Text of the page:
Explosives Factory


La Manjoya Explosives Factory

La Manjoya, Oviedo

The history of the old La Manjoya factory must necessarily be studied in relation to the boost that the coal mining and the manufacture of explosives underwent in Asturias in the second half of the 19th century.

Founded in a place known as Llamaoscura, its origins date back to 1865, with the acquisition of land by the Belgian engineer Dionisio Thiry, the constitution of the company Dionisio Thiry y Compañía and the creation of the original gunpowder factory. In the 1880s, the Thiry family joined forces with a group of German investors and some industrialists from Oviedo - among them, the Herrero and Palacio families. After that, the company Sociedad de Explosivos La Manjoya was founded, which, together with the gunpowder factory, did also produce dynamite. Between 1883 and 1890 and under the management of the director Carlos Vetter, the factory was extended over the fluvial terrace by the foot of La Zoreda mountain.

Although the company became one of the most important explosive producers in the country, strong competition with the dynamite producers of the time - such as Sociedad Anónima Explosivos del Cayés and Sociedad Vasco-Andaluza-Asturiana de Explosivos de Chávarri y Tartiere - complicated its situation. From 1896, it was integrated into Unión Española de Explosivos.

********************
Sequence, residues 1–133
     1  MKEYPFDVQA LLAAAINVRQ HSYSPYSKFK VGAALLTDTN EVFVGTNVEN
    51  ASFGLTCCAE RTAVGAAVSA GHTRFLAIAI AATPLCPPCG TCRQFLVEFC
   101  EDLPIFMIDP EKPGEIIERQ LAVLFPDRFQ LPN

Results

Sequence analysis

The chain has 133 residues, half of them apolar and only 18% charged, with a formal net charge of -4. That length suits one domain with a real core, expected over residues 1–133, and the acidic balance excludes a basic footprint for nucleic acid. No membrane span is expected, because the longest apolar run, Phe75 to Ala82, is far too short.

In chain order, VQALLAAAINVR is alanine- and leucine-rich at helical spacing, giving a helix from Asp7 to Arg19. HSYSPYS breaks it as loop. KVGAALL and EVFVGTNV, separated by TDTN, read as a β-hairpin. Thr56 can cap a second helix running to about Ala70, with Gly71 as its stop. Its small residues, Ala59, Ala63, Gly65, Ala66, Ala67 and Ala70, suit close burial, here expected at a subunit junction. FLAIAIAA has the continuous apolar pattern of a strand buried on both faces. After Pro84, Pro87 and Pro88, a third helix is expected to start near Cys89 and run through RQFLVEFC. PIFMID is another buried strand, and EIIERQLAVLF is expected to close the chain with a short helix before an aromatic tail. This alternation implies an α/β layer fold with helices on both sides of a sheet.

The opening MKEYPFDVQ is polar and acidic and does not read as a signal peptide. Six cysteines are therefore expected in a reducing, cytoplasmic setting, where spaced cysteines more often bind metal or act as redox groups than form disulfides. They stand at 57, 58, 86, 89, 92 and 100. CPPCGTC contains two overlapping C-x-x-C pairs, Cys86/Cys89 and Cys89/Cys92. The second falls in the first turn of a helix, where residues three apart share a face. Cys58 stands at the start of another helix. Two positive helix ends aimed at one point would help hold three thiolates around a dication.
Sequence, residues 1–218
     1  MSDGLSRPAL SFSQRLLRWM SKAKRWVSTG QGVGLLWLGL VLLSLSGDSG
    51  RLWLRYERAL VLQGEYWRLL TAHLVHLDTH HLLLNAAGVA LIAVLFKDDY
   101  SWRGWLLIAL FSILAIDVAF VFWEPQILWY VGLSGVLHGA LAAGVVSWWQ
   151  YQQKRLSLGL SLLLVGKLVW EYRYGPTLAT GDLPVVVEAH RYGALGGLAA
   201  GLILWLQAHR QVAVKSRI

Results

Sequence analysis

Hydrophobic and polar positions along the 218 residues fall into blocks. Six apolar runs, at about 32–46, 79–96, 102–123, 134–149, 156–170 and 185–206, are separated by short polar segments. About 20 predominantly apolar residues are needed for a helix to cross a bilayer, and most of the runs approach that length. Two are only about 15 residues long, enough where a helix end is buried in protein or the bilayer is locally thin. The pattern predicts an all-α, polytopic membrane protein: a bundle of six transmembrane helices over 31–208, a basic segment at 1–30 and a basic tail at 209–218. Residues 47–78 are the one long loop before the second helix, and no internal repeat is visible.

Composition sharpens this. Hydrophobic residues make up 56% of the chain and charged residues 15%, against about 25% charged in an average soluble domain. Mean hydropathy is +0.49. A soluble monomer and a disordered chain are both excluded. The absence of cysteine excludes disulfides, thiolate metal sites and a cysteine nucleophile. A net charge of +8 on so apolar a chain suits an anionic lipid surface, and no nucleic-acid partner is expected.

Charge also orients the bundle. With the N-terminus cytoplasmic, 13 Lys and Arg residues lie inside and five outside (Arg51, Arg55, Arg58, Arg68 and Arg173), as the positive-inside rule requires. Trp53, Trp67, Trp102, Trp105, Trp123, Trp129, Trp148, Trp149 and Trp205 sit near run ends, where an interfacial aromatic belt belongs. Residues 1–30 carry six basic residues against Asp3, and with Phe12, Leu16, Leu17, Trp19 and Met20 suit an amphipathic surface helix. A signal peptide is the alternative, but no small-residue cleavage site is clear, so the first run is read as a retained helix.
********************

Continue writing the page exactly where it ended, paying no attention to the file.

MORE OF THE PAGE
La Manjoya, today in an unfortunate state of abandonment, shows the remains of different buildings used as gunpowder storage units, furnaces, warehouses, workshops, offices, workers' dwellings and social facilities - including leisure facilities and a worship space- chronologically staggered over time, from the second half of the 19th century to the 20th century. The building that stored the powder determined the organisational and morphological structure of the factory. Its volumetry, together with its large dimensions, (approximately 160 metres long) created an impressive image. Its jagged perimeter generated a discontinuous volume, with alternated projections and protrusions. This jagged layout was used to attach auxiliary constructions, such as guardhouses, changing rooms and service lifts.

Natalia Tielve García